At Rugby Europe’s meeting on March 9 in Paris, the board of directors formalised a request for Six Nations Limited to admit other nations to their tournament.
“The development of rugby in Europe entails each Union having the opportunity to play regularly with the best teams in order to raise standards,” said Octavian Morariu, President of Rugby Europe.
“Promotion / relegation system belongs to Rugby Europe ethical code in all our competitions.”
The Rugby Europe board consists of 17 members, representing 48 nations, and the request was passed unanimously.
So far, it has not been officially sent to Six Nations Limited, but when it is, will they throw it out with the usual contempt or look to its merits and the future of European rugby?
The request gives the Six Nations choice to determine the nature of an integrated competition, either expand or promotion/relegation or a mixture? Regardless of the outcome, Europe must keep hammering and hope to chip away at the conservative defences.
Meanwhile, this year’s Rugby European Championship – part of the 2019 Rugby World Cup qualifying process – has been one of the closest in recent times.
The final game was a ‘winner take all’ situation, Romania surprising Georgia with a well-deserved 8-7 victory in front of 5500 home fans.
The Oaks regained the Antim Cup, for games between the two nations. Both teams had 19 points on the table but the winner goes to whichever team wins the head-to-head. Georgia had a better for and against and this confused officials, who presented the cup to Georgia at the ground, but later that evening Georgia handed it over to Romania. Sounded a bit like the Oscars.
Georgia, despite this loss, goes from strength to strength and rugby has replaced football as the national game. Huge crowds attend when internationals are played in the capital, Tbilisi. Whether the Lelos could beat, say Italy, remains to be seen as these two sides have been kept well apart – the last international between the two was in 2003, won by Italy. Clashes after this date have been ‘A’ or ’emerging’ sides, with the honours shared.
Overall, both Georgia and Romania are streets ahead of the other four nations in terms of playing standard and infrastructure.
Portugal was relegated last year and replaced by Belgium, which has been in the top division before but is in the revolving door of the competition, set to go down again after losing all their games. However they were competitive, going down 6-31 to Georgia, 18-25 to Russia, 29-34 to Germany and 17-33 to Romania, but suffered a bad final-round loss 0-30 to Spain.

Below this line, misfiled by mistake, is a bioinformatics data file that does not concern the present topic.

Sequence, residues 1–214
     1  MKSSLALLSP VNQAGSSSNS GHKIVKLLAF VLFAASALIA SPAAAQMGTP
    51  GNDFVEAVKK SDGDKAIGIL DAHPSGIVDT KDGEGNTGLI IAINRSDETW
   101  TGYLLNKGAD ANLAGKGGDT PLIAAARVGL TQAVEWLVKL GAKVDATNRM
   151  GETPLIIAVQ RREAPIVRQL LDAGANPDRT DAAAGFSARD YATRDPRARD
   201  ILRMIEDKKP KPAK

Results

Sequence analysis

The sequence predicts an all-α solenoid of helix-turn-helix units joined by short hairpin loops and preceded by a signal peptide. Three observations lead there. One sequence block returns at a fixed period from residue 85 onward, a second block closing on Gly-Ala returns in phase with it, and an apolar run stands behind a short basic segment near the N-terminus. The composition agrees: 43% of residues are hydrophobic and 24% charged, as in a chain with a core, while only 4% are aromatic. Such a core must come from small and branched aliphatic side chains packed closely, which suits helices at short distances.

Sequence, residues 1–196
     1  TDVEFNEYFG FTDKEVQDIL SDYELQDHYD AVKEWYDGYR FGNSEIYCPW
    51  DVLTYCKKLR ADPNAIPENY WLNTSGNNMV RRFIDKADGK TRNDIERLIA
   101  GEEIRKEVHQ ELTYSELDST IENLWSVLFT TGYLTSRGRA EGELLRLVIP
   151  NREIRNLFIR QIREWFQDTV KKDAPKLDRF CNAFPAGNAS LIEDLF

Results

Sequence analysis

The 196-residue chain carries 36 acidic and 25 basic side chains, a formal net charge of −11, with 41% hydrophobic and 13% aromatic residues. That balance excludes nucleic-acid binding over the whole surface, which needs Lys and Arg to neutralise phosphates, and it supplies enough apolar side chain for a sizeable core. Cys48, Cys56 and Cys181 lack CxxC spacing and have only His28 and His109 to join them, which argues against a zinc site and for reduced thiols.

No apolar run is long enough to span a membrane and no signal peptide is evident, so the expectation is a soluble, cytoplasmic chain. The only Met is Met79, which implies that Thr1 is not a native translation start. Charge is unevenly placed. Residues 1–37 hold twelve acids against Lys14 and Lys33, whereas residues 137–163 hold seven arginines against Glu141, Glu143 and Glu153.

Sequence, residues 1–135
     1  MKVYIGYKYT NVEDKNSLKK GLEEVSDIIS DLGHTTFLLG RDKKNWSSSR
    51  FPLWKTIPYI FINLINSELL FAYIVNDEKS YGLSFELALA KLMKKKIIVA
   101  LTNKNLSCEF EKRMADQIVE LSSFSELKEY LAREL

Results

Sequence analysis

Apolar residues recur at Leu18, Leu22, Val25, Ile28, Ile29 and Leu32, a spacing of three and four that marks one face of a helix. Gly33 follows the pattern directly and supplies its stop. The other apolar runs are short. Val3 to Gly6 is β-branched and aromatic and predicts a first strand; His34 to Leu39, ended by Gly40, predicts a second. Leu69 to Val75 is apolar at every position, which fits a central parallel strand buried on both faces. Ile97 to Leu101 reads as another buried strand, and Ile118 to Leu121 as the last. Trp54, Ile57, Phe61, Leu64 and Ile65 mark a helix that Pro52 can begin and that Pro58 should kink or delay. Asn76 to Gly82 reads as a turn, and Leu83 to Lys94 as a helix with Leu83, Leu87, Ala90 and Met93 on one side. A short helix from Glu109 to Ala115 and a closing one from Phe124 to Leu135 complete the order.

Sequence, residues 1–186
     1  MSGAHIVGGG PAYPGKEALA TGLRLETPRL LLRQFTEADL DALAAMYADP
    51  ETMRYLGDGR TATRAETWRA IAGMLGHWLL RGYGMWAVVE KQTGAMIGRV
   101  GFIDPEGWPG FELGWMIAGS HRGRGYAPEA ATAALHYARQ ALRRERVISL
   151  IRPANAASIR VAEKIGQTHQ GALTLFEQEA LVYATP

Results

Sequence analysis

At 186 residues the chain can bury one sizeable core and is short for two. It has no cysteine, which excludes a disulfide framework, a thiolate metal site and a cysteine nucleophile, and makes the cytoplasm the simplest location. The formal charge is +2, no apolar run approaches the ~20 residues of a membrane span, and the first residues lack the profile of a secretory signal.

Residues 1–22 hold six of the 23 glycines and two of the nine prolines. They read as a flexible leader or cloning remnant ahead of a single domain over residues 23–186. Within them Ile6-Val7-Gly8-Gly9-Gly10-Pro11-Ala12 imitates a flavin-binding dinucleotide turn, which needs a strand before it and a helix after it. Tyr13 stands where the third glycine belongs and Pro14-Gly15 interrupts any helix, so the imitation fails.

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Germany, usually also part of the revolving door, maintained its spot at Portugal’s expense. The team attracted home crowds of 8000 and in the opening match beat Romania, 41-38, with each side scoring five tries. This was the first time that a united German team had beaten Romania since 1938.
A second round 50-6 drubbing at the hands of Georgia brought the Germans back to Earth. The home game against Spain was crucial for Rugby World Cup qualifications, and Spain had a 32-15 win, scoring four tries to two.
Georgia has already qualified for the World Cup, to be held in Japan, and look likely to be joined by Romania, with Spain to contest the repecharges.
The great enigma is Russia. It has so much potential but can’t produce the goods. Playing home games in Sochi, near the Georgian border, is nowhere near its rugby heartland and must be one of the reasons.
Russia lost to Spain, 16-6, in the opening round, beat Belgium, then lost 30-10 to Romania. In front of 55,000 people in Tbilisi, Russia gave its best performance of the season before going down to Georgia, four ties to two, in a 28-14 scoreline.
In the final round, against Germany, Russia gave another good display but led by only led 26-20 at the 60-minute mark. Germany then tired badly in the last quarter as Russia ran in four tries in this last 20 minutes for an eight-try-to-three victory of 52-25.
The final 2017 European Championship ladder is:
The reverse round will be played in 2018.